“Beginning often begins with imagining. We think and we visualize and we imagine and we research. And it’s possible to let the research become a stall tactic. But there’s also a lot of value to that research, there’s a lot of value to that thinking time, to that imagining time.”
Last episode we talked about how to choose one task to focus on, even when we are overwhelmed by choices (most of which feel like necessities.) Now that we’ve chosen a task- how do we start? Perhaps we visualize or imagine the very beginning, the very first step. Perhaps, just reaching the very beginning can be enough.
Transcript and notes:
Recorded 23 January 2024.
Hey, everyone, thanks for tuning in.
So this week, we're talking about how to get started. Where do we start? How do we get started when we have this push pull, when we have this pressure, when we're stuck behind either a backup of things that we want to do, or also a desperate need to rest.
So let's suppose that we picked something. Last episode, we talked about all the different ways that we could pick a place to start, instead of being overwhelmed by all the other things.
Now, let's suppose you've picked something, you've still got inertia in front of you. What now? So inertia's just this funny thing, right, because it covers both states of rest and states of motion. An object at rest, remains at rest. An object in motion remains in motion, in a straight line at a constant speed, unless a force is applied to it.
For a really long time, I had not heard that last part about the force. And so I was skeptical about this whole inertia thing. I was like, This doesn't make any sense. Because I can stop a ball, it doesn't necessarily keep rolling forever. In fact, it will not keep rolling forever, even if I don't touch it. But yeah, unless a force is applied to it, it keeps moving. And unless a force is applied to it, it keeps resting. Right, that's also part of it.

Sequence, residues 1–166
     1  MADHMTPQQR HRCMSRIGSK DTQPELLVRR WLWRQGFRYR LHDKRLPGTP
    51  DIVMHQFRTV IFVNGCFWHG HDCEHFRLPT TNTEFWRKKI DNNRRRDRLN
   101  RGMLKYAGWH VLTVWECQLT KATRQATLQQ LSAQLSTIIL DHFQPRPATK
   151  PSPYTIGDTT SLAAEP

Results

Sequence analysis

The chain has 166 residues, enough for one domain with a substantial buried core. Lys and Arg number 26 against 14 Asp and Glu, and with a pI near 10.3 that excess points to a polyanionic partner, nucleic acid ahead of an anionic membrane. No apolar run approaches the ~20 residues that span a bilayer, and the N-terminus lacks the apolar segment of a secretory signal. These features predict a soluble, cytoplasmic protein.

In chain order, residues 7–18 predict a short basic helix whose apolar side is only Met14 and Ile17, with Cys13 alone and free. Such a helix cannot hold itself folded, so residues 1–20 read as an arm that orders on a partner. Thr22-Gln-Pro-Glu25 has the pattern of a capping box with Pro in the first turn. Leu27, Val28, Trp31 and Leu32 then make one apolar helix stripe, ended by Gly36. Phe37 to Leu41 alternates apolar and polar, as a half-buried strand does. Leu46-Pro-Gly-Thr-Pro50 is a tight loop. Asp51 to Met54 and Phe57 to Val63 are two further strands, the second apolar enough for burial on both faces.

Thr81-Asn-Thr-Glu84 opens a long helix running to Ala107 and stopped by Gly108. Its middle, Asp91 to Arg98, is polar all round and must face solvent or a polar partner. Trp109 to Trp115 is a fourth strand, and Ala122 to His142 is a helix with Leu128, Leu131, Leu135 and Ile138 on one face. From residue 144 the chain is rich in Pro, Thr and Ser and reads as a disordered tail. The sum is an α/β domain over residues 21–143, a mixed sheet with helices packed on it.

But people aren't inanimate objects. People are not inanimate objects. And in fact, if we take a more indigenous worldview, like the one that Robin Wall Kimmerer describes, and braiding sweetgrass, even what we call inanimate objects, in the colonized world, are not inanimate objects. They are part of the world. They're a living part of the world like we are. But people especially will get up and move on their own in a way that must have time rocks won't. And so will squirrels. So will cats, so will eagles. So will trees.
I've got several avocado pits started in my house right now, as small trees. And let me tell you, the direction of light matters. They will bend over. Especially the young ones, especially when they're still not sure they want to waste the energy I'm putting out leaves. They'll bend. They're very bendy. So that's, that's interesting, right?
I'm already trying to figure out how- avocados are particularly vulnerable to transplant shock, which I have learned the hard way. And yet, when an avocado seed shows up in my house, already sprouted in the avocado, it feels to me like the avocado is saying, I want to live. How can I just compost that? I can't, I can't.
So I have a bunch of avocado trees right now. And I'm already trying to figure out how I'm going to take one that I wasn't sure what's going to live. So I just kind of shoved it in an old sour cream container. And now it's quite tall, and it definitely needs more space. And I'm trying to figure out if I'm going to be able to cut the cup away in such a way that I don't disturb the roots. Or if I'm just going to cut large holes in the cup and let it find its way out. I don't know. I don't know, I just know it's gonna need more space soon.
So one of the things I want to say about getting started is that that kind of thinking, like I just described with the avocado tree, is in fact part of my process. And part of a lot of intensives' processes. Probably part of yours. Where we think and we visualize and we imagine and we research. And it's possible to let the research become a stall tactic. But there's also a lot of value to that research, there's a lot of value to that thinking time, to that imagining time.